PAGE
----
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An antependium (Latin: "to hang before"; pl: antependia), more commonly known as a parament or hanging, or, when speaking specifically of the hanging for the altar, an altar frontal (Latin: pallium altaris), is a decorative piece of material that can adorn a Christian altar, lectern, pulpit, or table (as opposed to the vestments worn by the minister or priest). Specifically, an antependium hangs down in front of whatever it covers, and is to be distinguished from the altar linens which are used in the service of the Eucharist, and an altar cloth which covers the top of the altar table (mensa).
Types of antipendia
When the front of an altar is elaborately carved or painted, the altar frontal normally reaches down only a few inches from the top of the altar table; this is called a 'frontlet'. In other cases it may reach to the floor (the "frontal", properly so called). In both situations, it will usually cover the entire width of the altar. A "Jacobean frontal" will cover the entire altar, reaching down to the floor on all four sides.
The Anglican Canons of 1603 order that the Lord's Table should be "covered, in time of Divine Service, with a carpet of silk or other decent stuff, thought meet by the Ordinary of the place" (can. 82).
Covers for lecterns and pulpits are generally similar to a frontlet, normally covering the "desk" of the lectern or pulpit and handing down about a foot or longer in front (visible from the congregation).
In the Orthodox Church, the Holy Table (altar) may be covered with one or two coverings. There is always an outer frontal, covering the top of the Holy Table and hanging down several inches on all four sides. This kind is used alone if the front of the Holy Table is elaborately carved or decorateed . For a "fully vested" Holy Table a second, inner hanging is used. This covers the Holy Table fully on the top and hangs down to the floor on all four sides.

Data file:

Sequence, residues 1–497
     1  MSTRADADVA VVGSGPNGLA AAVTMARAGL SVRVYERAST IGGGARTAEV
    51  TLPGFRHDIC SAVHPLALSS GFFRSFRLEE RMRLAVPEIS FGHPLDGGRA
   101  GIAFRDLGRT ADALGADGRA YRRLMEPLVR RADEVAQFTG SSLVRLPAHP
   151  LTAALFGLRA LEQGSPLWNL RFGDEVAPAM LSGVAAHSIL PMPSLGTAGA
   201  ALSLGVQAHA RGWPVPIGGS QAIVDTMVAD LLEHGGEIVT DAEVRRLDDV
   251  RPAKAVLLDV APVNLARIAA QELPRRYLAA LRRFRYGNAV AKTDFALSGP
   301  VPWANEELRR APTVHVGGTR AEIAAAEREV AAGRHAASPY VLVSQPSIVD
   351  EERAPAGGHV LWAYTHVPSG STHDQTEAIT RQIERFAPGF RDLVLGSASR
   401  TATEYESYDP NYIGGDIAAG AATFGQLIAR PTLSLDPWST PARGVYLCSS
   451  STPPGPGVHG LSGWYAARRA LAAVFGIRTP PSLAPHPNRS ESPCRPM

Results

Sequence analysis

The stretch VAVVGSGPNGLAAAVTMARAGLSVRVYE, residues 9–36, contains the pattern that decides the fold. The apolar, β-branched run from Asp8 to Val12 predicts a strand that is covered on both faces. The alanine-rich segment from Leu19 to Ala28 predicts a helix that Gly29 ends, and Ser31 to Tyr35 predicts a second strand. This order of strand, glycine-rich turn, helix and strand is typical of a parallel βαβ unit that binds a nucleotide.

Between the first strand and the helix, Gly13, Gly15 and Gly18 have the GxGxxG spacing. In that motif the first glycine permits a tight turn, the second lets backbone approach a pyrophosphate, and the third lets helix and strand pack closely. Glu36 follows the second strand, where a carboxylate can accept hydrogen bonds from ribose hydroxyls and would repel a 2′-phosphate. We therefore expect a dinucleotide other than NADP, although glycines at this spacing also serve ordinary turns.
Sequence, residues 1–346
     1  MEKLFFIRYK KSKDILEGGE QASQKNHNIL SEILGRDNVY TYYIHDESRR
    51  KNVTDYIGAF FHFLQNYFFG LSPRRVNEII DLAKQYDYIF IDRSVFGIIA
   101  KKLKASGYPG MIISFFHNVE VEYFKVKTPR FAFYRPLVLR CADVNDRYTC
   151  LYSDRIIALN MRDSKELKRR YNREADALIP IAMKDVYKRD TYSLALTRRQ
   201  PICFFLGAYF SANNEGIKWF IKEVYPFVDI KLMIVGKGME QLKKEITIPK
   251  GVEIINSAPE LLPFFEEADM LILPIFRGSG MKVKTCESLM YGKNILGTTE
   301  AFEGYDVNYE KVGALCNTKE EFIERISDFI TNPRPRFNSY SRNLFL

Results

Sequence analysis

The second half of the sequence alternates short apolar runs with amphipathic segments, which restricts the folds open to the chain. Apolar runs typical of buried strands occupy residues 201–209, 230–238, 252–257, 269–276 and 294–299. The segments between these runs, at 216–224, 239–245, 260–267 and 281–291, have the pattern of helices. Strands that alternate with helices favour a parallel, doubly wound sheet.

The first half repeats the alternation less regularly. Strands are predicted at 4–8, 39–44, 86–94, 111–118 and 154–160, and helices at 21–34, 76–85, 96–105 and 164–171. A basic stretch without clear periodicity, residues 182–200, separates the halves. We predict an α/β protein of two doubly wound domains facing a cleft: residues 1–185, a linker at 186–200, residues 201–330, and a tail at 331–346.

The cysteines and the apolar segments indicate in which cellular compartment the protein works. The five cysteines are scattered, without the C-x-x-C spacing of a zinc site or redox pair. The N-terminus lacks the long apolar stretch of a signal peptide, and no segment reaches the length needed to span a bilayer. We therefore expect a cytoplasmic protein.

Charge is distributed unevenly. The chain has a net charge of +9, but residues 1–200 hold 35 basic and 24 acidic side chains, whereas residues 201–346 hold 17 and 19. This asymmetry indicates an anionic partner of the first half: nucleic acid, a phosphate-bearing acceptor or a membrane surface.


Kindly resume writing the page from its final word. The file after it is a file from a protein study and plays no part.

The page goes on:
The analogia (icon stands) are covered with a covering known as a proskynitarion. Similar to the coverings used on the Holy Table there may, again, be only one outer covering or a second, inner covering that hangs to the floor (though, in this case, sometimes only in the front and back).
An antependium is normally of the same colour and fabric as the vestments worn by the clergy. The fabric may vary from very simple material such as cotton or wool, to exquisitely wrought damasks, fine watermarked silk, velvet, or satin. Embellishment is commonly by means of decorative bands of material called orphreys, embroidery (sometimes in gold or silver thread, or making use of pearls and semi-precious stones) or appliqués, fringes and tassels, all of a complementary colour to the fabric. The most frequently used symbol on both vestments and hangings is the cross. The antependium is normally lined in satin, using a matching hue.
The colours used tend to be fixed by the liturgical tradition of each denomination. Most Western Christian churches that observe a developed liturgical tradition use white, gold, red, green, violet and black, with each being used on specified occasions. A rose colour may be employed for the fourth Sunday (Laetare Sunday) in Lent and the third Sunday (Gaudete Sunday) in Advent. In Anglican circles, blue is sometimes prescribed for feasts of the Blessed Virgin Mary (see liturgical colours) although it is also used, unofficially, in some areas of the Roman Catholic Church. Among Eastern Christians, there tend to be two types of vestments: somber (dark) ones and festal (bright) ones. Beyond that, no specific colours are officially required. Among groups such as the Russian Orthodox Church, a pattern of fixed colours has developed, somewhat similar to that used in the West, although they are not, strictly speaking, required.
Antipendium can also be used to describe the front of the altar itself, especially if it is elaborately carved or gilded. The famous Pala d'Oro in St. Mark's Basilica in Venice originated as an antependium, although it is used as a reredos now.
- "Altar Frontal with Christ in Majesty and the Life of Saint Martin". The Walters Art Museum.
- Cross, F. L., ed. (1957) The Oxford Dictionary of the Christian Church. London: Oxford University Press; p. 530